The Book of Books: Biblical Interpretation, Literary Culture, and the Political Imagination from Erasmus to Milton (Hardcover)
Just as the Reformation was a movement of intertwined theological and political aims, many individual authors of the time shifted back and forth between biblical interpretation and political writing. Two foundational figures in the history of the Renaissance Bible, Desiderius Erasmus and William Tyndale, are cases in point, one writing in Latin, the other in the vernacular. Erasmus undertook the project of retranslating and annotating the New Testament at the same time that he developed rhetorical approaches for addressing princes in his Education of a Christian Prince (1516); Tyndale was occupied with biblically inflected works such as his Obedience of a Christian Man (1528) while translating and annotating the first printed English Bibles.
In The Book of Books, Thomas Fulton charts the process of recovery, interpretation, and reuse of scripture in early modern England, exploring the uses of the Bible as a supremely authoritative text that was continually transformed for political purposes. In a series of case studies linked to biblical translation, polemical tracts, and works of imaginative literature produced during the reigns of successive English rulers, he investigates the commerce between biblical interpretation, readership, and literary culture. Whereas scholars have often drawn exclusively on modern editions of the King James Version, Fulton turns our attention toward the specific Bibles that writers used and the specific manner in which they used them. In doing so, he argues that Spenser, Shakespeare, Milton, and others were in conversation not just with the biblical text itself, but with the rich interpretive and paratextual structures that accompanied it, revolving around sites of social controversy as well as the larger, often dynastically oriented conditions under which particular Bibles were created.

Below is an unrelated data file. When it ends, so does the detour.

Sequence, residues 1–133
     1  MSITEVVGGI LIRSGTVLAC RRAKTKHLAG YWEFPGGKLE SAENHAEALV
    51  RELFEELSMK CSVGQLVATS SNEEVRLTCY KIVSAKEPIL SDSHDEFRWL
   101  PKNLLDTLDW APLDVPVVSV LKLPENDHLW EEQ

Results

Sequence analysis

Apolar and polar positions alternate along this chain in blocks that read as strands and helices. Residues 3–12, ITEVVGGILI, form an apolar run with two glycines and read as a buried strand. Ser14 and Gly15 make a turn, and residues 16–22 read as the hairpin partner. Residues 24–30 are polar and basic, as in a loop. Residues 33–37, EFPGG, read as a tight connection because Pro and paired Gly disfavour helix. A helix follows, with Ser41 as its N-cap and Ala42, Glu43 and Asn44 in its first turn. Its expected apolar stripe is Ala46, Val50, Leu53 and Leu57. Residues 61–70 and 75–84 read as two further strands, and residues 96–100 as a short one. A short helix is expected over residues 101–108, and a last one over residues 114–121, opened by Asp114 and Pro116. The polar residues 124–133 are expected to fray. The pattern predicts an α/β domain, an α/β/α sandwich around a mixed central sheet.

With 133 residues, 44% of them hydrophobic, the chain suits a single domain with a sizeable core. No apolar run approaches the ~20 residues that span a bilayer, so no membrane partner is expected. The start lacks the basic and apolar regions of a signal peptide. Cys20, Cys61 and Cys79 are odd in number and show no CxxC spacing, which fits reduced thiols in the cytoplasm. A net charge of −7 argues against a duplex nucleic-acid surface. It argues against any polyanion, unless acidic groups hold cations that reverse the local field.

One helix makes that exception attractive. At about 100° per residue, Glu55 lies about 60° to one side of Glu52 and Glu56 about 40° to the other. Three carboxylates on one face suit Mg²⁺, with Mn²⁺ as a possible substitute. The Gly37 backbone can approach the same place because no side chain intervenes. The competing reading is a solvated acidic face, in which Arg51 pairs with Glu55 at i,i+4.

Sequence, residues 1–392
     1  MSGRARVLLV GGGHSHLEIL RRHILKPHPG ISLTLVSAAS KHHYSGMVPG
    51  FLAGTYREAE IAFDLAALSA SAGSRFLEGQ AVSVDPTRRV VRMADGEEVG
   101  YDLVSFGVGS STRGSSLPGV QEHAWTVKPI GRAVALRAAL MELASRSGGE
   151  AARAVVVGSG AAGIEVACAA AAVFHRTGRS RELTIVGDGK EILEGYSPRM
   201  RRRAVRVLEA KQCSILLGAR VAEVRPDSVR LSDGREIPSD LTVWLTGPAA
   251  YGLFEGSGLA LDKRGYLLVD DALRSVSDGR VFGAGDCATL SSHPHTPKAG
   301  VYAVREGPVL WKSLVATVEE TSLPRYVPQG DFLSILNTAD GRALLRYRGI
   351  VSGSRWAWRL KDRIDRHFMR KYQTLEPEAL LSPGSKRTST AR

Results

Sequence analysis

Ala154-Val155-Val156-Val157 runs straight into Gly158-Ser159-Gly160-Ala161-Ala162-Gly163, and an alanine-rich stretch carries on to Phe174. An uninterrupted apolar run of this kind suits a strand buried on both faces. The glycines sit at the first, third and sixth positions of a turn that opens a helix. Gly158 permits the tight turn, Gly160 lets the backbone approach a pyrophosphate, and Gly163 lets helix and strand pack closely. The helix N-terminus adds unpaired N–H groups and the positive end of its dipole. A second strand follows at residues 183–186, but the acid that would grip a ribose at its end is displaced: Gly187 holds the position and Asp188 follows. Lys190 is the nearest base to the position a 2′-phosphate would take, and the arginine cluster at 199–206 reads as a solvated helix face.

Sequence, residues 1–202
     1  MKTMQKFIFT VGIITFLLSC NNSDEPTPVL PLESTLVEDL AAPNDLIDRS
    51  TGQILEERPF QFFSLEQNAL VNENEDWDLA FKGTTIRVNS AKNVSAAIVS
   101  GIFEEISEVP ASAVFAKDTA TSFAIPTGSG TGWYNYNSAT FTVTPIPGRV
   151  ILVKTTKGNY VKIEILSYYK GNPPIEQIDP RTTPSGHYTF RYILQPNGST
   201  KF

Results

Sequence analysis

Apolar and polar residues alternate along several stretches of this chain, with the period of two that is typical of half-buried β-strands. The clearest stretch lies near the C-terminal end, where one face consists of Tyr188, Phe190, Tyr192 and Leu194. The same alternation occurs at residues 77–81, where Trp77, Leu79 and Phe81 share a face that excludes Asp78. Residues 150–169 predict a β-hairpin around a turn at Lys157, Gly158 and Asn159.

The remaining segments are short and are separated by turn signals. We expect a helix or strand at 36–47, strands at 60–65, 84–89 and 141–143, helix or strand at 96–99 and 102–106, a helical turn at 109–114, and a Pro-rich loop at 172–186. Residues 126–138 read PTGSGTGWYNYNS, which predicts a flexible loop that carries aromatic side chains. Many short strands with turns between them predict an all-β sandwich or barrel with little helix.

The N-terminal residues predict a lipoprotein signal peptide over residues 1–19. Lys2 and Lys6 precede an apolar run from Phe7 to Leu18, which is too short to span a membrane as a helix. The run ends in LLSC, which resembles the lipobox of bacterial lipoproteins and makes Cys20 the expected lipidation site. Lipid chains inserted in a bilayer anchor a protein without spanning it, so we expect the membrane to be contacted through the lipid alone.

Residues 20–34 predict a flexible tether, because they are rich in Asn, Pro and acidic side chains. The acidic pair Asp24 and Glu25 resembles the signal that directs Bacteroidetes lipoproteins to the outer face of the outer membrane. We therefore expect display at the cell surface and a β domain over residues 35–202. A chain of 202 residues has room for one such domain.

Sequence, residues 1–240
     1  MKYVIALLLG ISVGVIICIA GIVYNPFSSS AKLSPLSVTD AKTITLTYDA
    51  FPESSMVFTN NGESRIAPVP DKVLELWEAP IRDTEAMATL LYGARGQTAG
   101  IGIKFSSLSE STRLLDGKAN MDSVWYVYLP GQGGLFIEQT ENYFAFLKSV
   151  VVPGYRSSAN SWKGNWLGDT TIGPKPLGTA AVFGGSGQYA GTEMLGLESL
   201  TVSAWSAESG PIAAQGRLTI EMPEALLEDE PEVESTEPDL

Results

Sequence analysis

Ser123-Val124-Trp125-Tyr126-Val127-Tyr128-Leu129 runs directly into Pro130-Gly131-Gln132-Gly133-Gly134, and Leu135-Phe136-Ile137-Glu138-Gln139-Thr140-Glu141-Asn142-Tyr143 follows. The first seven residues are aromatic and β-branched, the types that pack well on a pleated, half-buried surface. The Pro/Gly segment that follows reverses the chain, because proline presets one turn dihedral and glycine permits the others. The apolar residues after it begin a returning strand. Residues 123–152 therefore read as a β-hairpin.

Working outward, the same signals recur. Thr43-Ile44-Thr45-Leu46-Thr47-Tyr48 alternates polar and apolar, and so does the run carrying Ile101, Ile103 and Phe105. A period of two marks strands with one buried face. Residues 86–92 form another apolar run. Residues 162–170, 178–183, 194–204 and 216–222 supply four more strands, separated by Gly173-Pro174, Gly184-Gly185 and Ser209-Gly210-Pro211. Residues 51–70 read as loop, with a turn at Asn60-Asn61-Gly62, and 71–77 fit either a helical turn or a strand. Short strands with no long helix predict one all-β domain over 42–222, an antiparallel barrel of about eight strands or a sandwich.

About the Author
Thomas Fulton is Professor of English at Rutgers University. He is author of Historical Milton: Manuscript, Print, and Political Culture in Revolutionary England, as well as co-editor of The Bible on the Shakespearean Stage: Cultures of Interpretation in Reformation England and Rethinking Historicism from Shakespeare to Milton.